The blind and the lame came to him at the temple, and he healed them. But when the chief priests and the teachers of the law saw the wonderful things he did and the children shouting in the temple area, “Hosanna to the Son of David,” they were indignant.
“Do you hear what these children are saying?” they asked him.
“Yes,” replied Jesus, “have you never read,
“‘From the lips of children and infants you have ordained praise’?” (verses 14-16)
This little scene happens immediately after Jesus clears the Temple. I must say I hadn’t noticed it before. The previous moment has always captured my attention, indeed taken my breath away, as I’ve watched Jesus, with unflinching boldness and great physicality, expressing his anger that the Temple had been turned into a market – a “den of robbers.” He overturns tables and benches, scattering coins across the floor and driving out those who were buying and selling, along with their supply of doves and cattle and sheep. It’s a stunning scene.
In the uproar, I hadn’t noticed what happens next. The officially sanctioned riffraff have been driven away, cleared out of the temple. But now, instead, others have been drawn in. “The blind and the lame came to him at the temple.”
How wonderful. Jesus didn’t retreat from the scene of wreckage he had inflicted. He didn’t run away. Instead, he lingered, taking up residence in his “house of prayer,” welcoming into this sanctuary those who had needs. It’s an equally stunning scene as the previous devastation. The result? In one simple phrase, Matthew states it: “He healed them.” No wonder Matthew will go on to speak of “the wonderful things he did.” Yes, indeed.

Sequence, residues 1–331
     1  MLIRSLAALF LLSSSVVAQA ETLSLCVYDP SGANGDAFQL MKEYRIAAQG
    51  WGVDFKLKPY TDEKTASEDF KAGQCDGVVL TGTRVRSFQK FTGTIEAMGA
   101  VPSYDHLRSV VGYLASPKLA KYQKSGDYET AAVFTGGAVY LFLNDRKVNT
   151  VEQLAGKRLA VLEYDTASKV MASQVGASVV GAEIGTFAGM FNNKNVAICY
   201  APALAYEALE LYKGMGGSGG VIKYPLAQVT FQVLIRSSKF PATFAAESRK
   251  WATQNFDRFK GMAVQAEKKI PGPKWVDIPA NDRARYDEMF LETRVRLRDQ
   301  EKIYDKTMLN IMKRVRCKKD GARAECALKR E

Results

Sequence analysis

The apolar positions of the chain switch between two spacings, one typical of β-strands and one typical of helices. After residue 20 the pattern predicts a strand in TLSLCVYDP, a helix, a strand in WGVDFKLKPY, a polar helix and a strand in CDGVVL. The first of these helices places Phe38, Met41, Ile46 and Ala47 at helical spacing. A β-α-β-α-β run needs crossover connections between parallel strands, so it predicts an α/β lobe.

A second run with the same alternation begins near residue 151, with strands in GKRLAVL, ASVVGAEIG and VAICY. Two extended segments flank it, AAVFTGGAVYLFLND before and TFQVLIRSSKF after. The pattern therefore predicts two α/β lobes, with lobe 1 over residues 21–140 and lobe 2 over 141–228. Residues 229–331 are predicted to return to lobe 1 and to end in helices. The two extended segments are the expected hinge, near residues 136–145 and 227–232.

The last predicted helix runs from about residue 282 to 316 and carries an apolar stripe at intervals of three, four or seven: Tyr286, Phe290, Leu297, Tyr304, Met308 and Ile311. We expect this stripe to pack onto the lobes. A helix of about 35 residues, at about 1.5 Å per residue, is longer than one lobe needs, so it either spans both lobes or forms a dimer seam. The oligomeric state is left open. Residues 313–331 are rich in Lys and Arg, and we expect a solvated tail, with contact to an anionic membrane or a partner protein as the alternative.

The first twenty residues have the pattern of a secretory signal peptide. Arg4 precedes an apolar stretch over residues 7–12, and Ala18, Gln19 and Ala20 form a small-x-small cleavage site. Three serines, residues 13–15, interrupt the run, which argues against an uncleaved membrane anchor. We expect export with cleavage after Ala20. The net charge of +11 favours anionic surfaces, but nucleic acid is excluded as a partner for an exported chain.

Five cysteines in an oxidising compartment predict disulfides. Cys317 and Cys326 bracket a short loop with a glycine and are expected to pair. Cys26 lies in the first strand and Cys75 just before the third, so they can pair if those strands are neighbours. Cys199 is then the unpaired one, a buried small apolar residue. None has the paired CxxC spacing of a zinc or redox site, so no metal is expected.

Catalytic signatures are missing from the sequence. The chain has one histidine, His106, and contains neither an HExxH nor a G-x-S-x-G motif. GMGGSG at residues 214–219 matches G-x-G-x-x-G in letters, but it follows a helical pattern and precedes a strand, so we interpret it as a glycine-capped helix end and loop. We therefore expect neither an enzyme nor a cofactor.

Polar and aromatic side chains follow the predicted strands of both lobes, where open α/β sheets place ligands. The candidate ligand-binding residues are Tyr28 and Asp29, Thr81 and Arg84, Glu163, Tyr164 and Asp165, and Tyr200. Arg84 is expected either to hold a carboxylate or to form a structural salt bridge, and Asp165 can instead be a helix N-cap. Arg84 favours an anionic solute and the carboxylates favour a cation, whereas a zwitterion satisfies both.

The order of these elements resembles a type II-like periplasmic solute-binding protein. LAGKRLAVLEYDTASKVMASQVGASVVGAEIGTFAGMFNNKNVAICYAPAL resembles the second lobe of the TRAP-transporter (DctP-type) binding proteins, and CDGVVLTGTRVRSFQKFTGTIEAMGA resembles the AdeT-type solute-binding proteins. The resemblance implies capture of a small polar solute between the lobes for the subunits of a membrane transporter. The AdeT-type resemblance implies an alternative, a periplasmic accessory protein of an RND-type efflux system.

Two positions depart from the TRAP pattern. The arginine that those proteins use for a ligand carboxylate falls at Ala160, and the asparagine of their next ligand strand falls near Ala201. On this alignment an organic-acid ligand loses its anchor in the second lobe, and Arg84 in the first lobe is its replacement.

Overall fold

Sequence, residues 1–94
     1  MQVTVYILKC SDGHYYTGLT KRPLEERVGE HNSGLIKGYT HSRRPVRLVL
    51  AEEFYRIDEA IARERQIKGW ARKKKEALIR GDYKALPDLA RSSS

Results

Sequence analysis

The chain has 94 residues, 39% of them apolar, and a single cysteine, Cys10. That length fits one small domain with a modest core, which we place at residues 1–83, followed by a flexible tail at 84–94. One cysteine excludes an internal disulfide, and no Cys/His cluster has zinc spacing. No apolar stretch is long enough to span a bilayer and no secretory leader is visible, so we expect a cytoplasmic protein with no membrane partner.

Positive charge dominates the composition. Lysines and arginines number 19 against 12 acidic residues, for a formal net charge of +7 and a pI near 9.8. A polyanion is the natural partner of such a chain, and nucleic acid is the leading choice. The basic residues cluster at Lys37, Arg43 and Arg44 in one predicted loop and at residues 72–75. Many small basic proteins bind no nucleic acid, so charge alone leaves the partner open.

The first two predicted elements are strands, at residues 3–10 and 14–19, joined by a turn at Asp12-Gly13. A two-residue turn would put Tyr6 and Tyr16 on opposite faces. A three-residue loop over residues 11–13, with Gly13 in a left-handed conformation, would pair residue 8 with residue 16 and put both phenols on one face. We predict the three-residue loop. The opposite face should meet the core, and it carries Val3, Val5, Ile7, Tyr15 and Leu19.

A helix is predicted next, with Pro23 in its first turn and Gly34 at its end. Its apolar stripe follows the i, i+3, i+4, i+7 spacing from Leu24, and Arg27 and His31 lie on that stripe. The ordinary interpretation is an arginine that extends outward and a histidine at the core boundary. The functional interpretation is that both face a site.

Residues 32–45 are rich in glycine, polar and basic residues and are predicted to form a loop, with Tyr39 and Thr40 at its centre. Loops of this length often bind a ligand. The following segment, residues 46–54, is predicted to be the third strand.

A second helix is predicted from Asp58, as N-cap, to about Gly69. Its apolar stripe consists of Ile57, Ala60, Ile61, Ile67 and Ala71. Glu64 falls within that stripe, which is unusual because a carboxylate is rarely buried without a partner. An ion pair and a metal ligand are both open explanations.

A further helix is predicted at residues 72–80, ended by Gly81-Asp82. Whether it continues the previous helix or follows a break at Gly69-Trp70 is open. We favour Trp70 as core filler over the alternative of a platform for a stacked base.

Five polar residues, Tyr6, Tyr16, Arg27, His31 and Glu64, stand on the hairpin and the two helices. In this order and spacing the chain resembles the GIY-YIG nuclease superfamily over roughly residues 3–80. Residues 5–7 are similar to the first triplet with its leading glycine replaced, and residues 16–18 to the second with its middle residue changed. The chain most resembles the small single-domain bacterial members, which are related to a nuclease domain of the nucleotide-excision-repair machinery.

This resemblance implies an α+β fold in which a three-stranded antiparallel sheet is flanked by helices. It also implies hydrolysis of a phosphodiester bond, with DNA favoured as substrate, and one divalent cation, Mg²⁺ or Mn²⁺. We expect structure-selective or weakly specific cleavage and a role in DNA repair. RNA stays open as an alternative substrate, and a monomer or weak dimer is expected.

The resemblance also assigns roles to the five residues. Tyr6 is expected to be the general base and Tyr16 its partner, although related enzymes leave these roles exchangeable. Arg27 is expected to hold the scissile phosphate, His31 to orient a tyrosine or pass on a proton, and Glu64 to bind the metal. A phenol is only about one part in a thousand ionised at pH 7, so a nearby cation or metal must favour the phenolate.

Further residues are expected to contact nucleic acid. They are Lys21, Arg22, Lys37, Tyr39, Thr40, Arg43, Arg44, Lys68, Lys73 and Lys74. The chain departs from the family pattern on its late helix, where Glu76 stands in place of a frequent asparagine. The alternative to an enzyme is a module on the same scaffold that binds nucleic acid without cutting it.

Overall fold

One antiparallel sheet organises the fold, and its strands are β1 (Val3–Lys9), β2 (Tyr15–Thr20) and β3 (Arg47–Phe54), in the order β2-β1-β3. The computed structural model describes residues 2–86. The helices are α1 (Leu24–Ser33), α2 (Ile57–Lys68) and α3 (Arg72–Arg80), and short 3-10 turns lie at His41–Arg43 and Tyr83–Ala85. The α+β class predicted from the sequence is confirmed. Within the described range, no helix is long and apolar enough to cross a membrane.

Meanwhile, ringing out in the background, is the sound of children’s voices, singing aloud,“Hosanna to the Son of David,”carrying on the triumphal notes of Jesus’ entry into Jerusalem. The children get it. They have caught the essence. They can’t be stopped.
All of this infuriates the chief priests and teachers of the law. Interestingly, in Matthew’s telling, they make no comment at all about the clearing of the Temple Itself. But against the backdrop of Jesus’ miraculous healings, what they complain about are the voices of children.
It sets in stark contrast two statements already made by Jesus, recorded for us by Matthew. “Unless you change and become like little children, you will never enter the kingdom of heaven,” Jesus said (18:3). And again, “The kingdom of heaven belongs to such as these” (19:14).
“Do you hear what these children are saying?” the priests and teachers had complained. We might well turn the question and ask them, “Do you?”
We might ask ourselves the same. Do we really hear? And if so, how can we, like children, join in?
Lord Jesus, praise you for the strength of your response to the “den of robbers.” Praise you for restoring a sanctuary for your presence. Praise you for your healing compassion. Praise you that you are worthy of Hosannas. Soften my heart to be childlike enough to join in the praise.
Reflect: The children sang out, “Hosanna to the Son of David.” What active steps can you take today to join in the praise?
Photo by samer daboul: https://www.pexels.com/.../three-children-sitting-on.../